• Use inequality-sensitive aggregation
• Then combine into GDI.
Contruction of the GDI
Gender specific values …
• average well-being of men and women: Dm, Df
• proportion of men and women : pm, pf
• aggregate population well-being: W
• equity-neutral aggregation:
W1 = pmDm + pfDf
• equity-sensitive aggregation:
W2 = [ pmDm-r + pfDf-r ] -1/r
• if r = -1, then W1 = W2, and thus equity neutral
• if r > -1, then inequality aversion; GDI uses r = 1.
GDI data from UNDR
Main findings of HDR 95
Benefits of development do not trickle down to
everybody; it is not gender neutral
• Most of men’s work is paid; most of women’s
work is unpaid:
– this impacts on social status (employment confers
• GDP per capita alone, or HDI, does not explain
rank of country in GDI.
• In 2010, both the variables used to construct the
HDI changed somewhat. And the GDI was
replaced by the Gender Inequality Index. A new
index was introduced that takes into account
inequality in the dimensions of the HDI over the
whole population (Inequality-adjusted HDI).
• Ravallion calls such indices “mashup indices
• 20th Human Development Report (UNDP,
2010) changed the measures used for these
core dimensions, and how they are aggregated.
• Gross national income (GNI) has replaced
GDP, both still at purchasing power parity
(PPP) and logged.
• Education now measured by mean years of
schooling (MS) and expected years of
• Three core dimensions on a common (0, 1)
• LE HDI bounds changed to 20 years
and 83.2 years (Japan’s LE).
• GNI per capita is bounded by $163
(Zimbabwe in 2008) and $108,211
(UAE in 1980).
• The new education variables have
minimum of zero, and MS upper
bound of 13.2 years (US in 2000) and
that of ES of 20.6 years (Australia,
• Aggregation used to be arithmetic mean.
• Starring from income of $20K, an extra year of
LE worth around $2000.
• Now geometric: introduces additional
• The new HDI has lowered the weight on
longevity for all but five countries
• Liberia has an HDI value of $5.51 per year for
a year of LE. The value tends to rise with
income and reaches about $9,000 per year in
the richest countries.
• Longevity has been devalued
The HDI is one “top-down” way of
weighing objective lists.
Although as we have seen, weights are
Another is the Misery index: a percentage
point of unemployment equals a point of
Says who? In Table 1 of Di Tella et al.
(2001), unemployment has an estimated
coefficient of -2.8 and inflation of -1.2: in
happiness terms, inflation matters only
about 40% as much as unemployment.
An alternative is to not use weights at
all, but simply provide a list of things
that we would all like to see.
United Nations Millennium
Target 1A: Halve,
between 1990 and 2015,
the proportion of people
living on less than $1.25
Target 2A: By 2015, all
children can complete a
full course of primary
schooling, girls and boys
Target 4A: Reduce by
two-thirds, between 1990
and 2015, the under-five
Target 5A: Reduce by
three quarters, between
1990 and 2015, the
maternal mortality ratio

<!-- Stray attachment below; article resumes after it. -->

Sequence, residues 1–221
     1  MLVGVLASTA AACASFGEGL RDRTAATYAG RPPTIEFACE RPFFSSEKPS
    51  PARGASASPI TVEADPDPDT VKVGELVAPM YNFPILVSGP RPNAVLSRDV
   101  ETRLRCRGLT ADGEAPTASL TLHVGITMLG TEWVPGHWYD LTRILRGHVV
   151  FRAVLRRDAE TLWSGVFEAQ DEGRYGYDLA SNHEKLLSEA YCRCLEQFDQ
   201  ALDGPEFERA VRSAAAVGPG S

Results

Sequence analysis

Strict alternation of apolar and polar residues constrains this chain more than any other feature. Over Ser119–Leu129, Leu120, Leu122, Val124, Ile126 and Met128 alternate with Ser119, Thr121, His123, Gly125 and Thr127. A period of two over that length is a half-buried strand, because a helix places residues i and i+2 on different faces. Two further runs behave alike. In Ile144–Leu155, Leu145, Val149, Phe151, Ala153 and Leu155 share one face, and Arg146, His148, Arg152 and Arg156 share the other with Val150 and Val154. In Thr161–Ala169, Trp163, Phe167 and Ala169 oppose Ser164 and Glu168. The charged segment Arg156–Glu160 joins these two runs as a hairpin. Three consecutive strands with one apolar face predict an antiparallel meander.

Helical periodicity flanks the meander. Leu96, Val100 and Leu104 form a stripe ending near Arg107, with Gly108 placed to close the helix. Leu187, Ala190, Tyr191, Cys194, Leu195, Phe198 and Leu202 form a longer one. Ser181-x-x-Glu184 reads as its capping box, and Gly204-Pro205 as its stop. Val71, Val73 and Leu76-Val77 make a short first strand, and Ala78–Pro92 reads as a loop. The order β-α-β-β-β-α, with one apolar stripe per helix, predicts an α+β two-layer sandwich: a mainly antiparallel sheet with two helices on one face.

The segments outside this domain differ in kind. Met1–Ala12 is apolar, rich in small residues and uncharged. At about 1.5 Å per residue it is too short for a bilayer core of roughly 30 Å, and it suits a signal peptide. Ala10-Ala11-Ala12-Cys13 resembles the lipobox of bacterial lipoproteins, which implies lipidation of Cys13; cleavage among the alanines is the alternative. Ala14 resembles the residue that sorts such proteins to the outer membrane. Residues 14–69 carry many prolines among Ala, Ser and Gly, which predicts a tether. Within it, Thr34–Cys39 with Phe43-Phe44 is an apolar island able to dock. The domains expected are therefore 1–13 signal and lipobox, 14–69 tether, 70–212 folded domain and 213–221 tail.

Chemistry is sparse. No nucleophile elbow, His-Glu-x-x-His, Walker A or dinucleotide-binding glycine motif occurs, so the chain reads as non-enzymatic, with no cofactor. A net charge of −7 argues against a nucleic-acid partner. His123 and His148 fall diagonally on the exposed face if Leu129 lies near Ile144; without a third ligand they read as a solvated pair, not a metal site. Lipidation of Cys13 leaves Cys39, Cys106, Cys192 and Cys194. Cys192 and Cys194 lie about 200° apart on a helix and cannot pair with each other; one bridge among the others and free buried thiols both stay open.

Target 6A: Have halted
by 2015 and begun to
reverse the spread of
Alternatively, we can restore consumer
sovereignty (as it were), and let
individuals assign their own
preferred weights to the posited
various different dimensions of the
Preference satisfaction accounts
– the more you satisfy your preferences and fulfil your desires
the higher your well-being is considered to be.
• In line with utility theory
– preferences inferred from the choices people make
– Do people want/know what is good for them?
– What to do about “anti-social” preferences?
– How do we price public goods then?
Mental state accounts
– how individuals feel / think
• Self-reported mood, emotions
– happy / sad / excited / bored
• Self-reported evaluation
– “how satisfied are you with your life?”
– Adaptation and changing aspirations: hedonic
– Personality traits
– These mean that objective and subjective may not
Adaptation is not universal
• We do not fully adapt to some circumstances and
• e.g. friendships
• e.g. pain, noise, unemployment, poverty
• Important differences in degree and speed of
• some evidence that baseline levels of SWB can
change over time (for example, following
BHPS Well-being questions
The British Household Panel Survey (BHPS).
• See <http://www.iser.essex.ac.uk/ulsc/bhps/>
• Annual panel (longitudinal) survey since 1991.
• Wave 18 in September 2008
• Wide range of variables from same individuals
and households each year.
• E.g. in Wave 12 (2002):
– N = 17,339, aged 18-85
The General Health Questionnaire 12
Have you recently:
1. been able to concentrate
2. lost much sleep over worry
3. felt that you were playing a useful part in things
4. felt capable of making decisions
5. Felt constantly under strain
6. felt you could not overcome difficulties
7. been able to enjoy normal activities
8. been able to face up to problems
9. Been feeling unhappy and depressed
10. been Losing confidence
11. been thinking of yourself as worthless
12. been feeling reasonably happy
Here are some questions about how you feel about your life.
Please tick the number which you feel best describes how
dissatisfied or satisfied you are with the following aspects of your